The federal workforce in Augusta and surrounding areas saw minor impacts after the government officially shut down at midnight Friday.
Before Congress voted Monday to reopen the government, Ben Morgan, president of Transport Workers Union Local 527, was pleased to find members who work in maintenance, logistics and health care at Fort Gordon already at work.
Contracts with the post had already been funded until the end of January but, in light of Friday’s shutdown, Morgan said he is almost certain “things will change.”
“We seem to face this type of thing a lot, but usually the government does not shut down,” he said. “I thought this time there was a very good chance it would happen.”
Although service members were able to work a full business day Monday, all temporary assignments and activities at Fort Gordon were placed on hold.
“Congressional appropriations expired on Friday, which will require that Fort Gordon activities not deemed excepted nor exempted to conduct an orderly shutdown in accordance with federal law,” a news release from Saturday stated. “Despite the lapse in appropriated federal funding, the Army and Fort Gordon will continue to provide for the nation’s defense, as well as the life, health, and safety of our employees and the protection of the installation.”
Other federal offices were closed Monday morning. The U.S. Department of Agriculture’s Natural Resources Conservation Services office, located in the Augusta Utilities and Engineering building, had a sign on the door stating it would reopen when Congress restored funding.
The shutdown would have briefly halted field work being done by U.S. Census employees ahead of the 2020 census, but it did not affect ongoing background census work being done regionally and by local governments, said Andy Crosson, executive director of the CSRA Regional Commission.
The shutdown also did not have an impact on senior nutrition programs administered by the Regional Commission and the CSRA Area Agency on Aging, but had it continued for more than a week or so, the agencies would need to discuss arrangements to cover the programs until the shutdown ended, Crosson said.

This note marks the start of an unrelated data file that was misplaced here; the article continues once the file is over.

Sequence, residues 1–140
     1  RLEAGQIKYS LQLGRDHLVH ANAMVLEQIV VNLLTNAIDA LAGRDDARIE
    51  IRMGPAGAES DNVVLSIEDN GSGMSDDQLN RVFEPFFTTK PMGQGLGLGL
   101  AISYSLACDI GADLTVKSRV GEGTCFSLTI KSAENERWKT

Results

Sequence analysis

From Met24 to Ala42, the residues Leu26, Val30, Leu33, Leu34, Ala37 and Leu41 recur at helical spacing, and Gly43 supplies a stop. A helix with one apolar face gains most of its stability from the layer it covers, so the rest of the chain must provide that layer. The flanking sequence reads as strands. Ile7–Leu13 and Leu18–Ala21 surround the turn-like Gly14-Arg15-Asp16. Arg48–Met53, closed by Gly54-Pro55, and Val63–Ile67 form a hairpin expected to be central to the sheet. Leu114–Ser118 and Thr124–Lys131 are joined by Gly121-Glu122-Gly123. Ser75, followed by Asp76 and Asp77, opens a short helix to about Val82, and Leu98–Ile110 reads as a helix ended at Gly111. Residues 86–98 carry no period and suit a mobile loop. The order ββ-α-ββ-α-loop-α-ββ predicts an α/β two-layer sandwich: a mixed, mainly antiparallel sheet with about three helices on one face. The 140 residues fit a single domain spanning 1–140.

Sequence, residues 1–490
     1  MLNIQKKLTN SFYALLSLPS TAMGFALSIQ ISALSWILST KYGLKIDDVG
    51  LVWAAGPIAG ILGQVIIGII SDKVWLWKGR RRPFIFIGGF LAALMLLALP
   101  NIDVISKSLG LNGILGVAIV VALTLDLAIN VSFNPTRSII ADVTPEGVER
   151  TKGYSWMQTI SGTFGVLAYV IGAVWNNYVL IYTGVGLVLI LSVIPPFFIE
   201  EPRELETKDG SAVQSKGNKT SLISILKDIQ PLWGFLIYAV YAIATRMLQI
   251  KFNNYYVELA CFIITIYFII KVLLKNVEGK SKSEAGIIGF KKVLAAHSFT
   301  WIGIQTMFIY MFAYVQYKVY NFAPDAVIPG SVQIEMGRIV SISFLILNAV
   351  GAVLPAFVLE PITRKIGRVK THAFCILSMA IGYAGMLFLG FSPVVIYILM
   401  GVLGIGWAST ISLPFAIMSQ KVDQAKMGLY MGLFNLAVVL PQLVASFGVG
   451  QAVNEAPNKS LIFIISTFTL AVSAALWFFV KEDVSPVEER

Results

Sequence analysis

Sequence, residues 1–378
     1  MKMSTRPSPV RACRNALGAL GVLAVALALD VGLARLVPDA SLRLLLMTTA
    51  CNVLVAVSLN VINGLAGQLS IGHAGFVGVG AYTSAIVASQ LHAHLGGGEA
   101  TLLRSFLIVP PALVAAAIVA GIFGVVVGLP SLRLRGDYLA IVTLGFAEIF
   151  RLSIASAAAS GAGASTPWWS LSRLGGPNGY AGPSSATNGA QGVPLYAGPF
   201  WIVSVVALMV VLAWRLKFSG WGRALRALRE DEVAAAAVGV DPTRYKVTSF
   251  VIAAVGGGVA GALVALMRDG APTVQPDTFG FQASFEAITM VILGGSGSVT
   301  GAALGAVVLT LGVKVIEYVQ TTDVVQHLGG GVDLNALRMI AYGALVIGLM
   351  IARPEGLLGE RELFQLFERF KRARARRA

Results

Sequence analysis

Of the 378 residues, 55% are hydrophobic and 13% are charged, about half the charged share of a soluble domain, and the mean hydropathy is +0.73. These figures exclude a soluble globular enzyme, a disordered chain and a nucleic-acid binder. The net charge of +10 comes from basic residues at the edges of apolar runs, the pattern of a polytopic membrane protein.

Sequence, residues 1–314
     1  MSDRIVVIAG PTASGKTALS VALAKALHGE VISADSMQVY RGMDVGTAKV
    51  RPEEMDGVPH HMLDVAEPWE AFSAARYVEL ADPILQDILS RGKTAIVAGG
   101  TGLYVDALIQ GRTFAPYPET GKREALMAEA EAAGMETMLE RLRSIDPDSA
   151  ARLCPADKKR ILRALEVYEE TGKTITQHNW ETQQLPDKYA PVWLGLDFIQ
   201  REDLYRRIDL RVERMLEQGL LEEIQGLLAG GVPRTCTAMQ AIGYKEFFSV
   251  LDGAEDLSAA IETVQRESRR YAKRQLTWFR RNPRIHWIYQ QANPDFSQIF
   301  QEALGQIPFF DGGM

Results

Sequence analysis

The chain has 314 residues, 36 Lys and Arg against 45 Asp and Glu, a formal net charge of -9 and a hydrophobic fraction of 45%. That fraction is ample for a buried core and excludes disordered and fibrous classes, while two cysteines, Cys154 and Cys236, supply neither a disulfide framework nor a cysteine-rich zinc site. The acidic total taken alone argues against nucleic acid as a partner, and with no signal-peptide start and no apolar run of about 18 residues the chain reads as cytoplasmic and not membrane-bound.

Jeanette Cummings, the director of the Area Agency on Aging, said the program could have been covered for up to several months.
“We have a mixture of funding and strong local support from the CSRA and local government that helps,” she said.
The U.S. government hasn’t shut down since 2013, when nearly 800,000 federal workers were put on furlough as members of Congress tried to force changes to the Affordable Care Act.
The issue now focuses on immigration policy, specifically the Deferred Action for Childhood Arrivals program, which gave protection to immigrants brought to the U.S. as undocumented children by their parents or other adults.
Morgan said hopes now are for elected officials to pass a standing agreement that addresses their issues.
“I do hope that they pass a continue resolution or budget to keep the government working, but I hope all issues are addressed,” he said. “I think it is horrible that people want to put it on the back burner.”
Michael Glenn had similar desires. The 57-year-old Air Force veteran said the shutdown had less effect on him now than before, but still brings about the same frustration for many in service.
“That’s still not enough,” he said about Monday’s compromise. “I just wish they’d finish the darn job. We’re all getting tired of it.”
Staff Writer Susan McCord contributed to this article.